Definition – What is Code Switching?
Code switching is
- a linguistic term used to describe the use of multiple languages, dialects, or registers in a conversation or text
- a sociological term used to describe how people from different discourse communities (aka cultures, subcultures, community of practice) adopt shared mannerisms, body language, slang, syntax, and diction of a discourse community to express their allegiance, their membership to the community and its ways and values
- “a strategy for black people to successfully navigate interracial interactions” (McCluney et. al 2019).
The term code switching as used in linguistics is fairly synonymous with the term rhetorical reasoning as used in rhetoric. In the rhetorical tradition, rhetors adopt a voice, tone, persona, point of view after engaging in rhetorical analysis of the communication situation.
Code switching is so natural to us as humans that we are often unaware that we are doing it; it’s a form of tacit knowledge.
Key Concepts: Audience; Communities of Practice; Jargon; Rhetorical Reasoning
In the video example below, President Obama code shifts as he greets coaches and players from Team USA in the Olympics. As you watch the quick clip, notice how President Obama adjusts how he greets people based on their role, status, and ethnicity.
See Barack Obama – Code Switcher for a succinct rhetorical analysis of this clip from the perspective of code switching:
Why Does Code Switching Matter?
[Code Switching] is a large part of a public figures’ publicity arsenal. Being able to switch mannerisms, linguistic traits, and other factors of a depiction of self is incredibly important in the formulation of a diverse and accepting group of constituents. Being able to maintain all the code switching when prompted is also necessary for maintaining those groups, because being able to appear like you know exactly what they’re experiencing shows commitment and understanding.Ben Orlowski, Barack Obama – Code Switcher. Sociolinguistic Artifacts. 5/8/2017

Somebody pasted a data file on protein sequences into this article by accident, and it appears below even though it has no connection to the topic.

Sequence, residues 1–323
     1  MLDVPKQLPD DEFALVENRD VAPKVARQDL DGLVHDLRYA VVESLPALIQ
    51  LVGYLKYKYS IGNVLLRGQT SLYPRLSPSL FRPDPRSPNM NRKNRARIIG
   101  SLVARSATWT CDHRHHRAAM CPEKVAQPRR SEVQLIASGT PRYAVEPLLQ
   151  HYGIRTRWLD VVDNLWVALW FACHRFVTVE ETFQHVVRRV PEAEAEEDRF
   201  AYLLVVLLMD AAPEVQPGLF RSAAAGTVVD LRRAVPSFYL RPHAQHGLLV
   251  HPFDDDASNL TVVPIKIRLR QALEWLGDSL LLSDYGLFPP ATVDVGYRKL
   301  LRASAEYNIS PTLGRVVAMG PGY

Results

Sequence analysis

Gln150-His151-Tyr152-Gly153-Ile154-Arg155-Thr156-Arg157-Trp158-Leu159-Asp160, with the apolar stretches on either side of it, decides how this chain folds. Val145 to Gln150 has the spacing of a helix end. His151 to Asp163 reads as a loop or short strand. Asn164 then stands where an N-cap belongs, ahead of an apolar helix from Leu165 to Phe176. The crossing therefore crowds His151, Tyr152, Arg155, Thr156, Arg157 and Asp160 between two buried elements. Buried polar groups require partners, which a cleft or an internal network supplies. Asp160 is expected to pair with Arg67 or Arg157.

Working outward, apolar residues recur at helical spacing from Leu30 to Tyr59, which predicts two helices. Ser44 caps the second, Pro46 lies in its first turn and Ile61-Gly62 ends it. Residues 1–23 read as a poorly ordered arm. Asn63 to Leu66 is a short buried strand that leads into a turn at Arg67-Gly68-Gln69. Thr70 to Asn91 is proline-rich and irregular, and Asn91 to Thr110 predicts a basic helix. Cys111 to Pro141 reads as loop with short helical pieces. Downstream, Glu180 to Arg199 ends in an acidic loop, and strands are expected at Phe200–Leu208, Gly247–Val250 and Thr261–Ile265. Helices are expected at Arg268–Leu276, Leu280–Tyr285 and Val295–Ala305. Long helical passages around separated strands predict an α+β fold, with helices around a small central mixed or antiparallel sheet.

Always resourceful, eager to communicate, we code switch as necessary.
Writers, speakers, knowledge workers . . . code switch
- when they are in bilingual environments or in social groups with diverse people
- when they cross borders
- when they work at the borders of professions and academic disciplines—aka interdisciplinary work
- when they shift their voice, tone, persona and appeals to ethos in order to be more persuasive.
Bilingual speakers may switch codes
- when their vocabulary in one language is too limited—i.e., when they need to shift languages to have the words necessary to express their thoughts and feelings
Code Switching & Rhetoric
Code switching is a rhetorical process:
People may switch codes
- because they hope to change the tone, the register, of a text
- because they hope to appeal to ethos
- they assume their audience will be more receptive to their claims and observations if they show how their identity, their values, their language practices, are the same as the audiences’.
Code Switching & Sociology
In sociology, investigators explore how code switching serves as a strategy for navigating interracial interactions.
McCluney, Courtney, Katrina Robotham, Serenity Lee, Richard Smith, and Myles Durkee 11/15/2019. The Cost of Code Switching. Harvard Business Review
Thompson, Matt. Five Reasons Why People Code-Switch. Code Switch. NPR, 4/13/2013.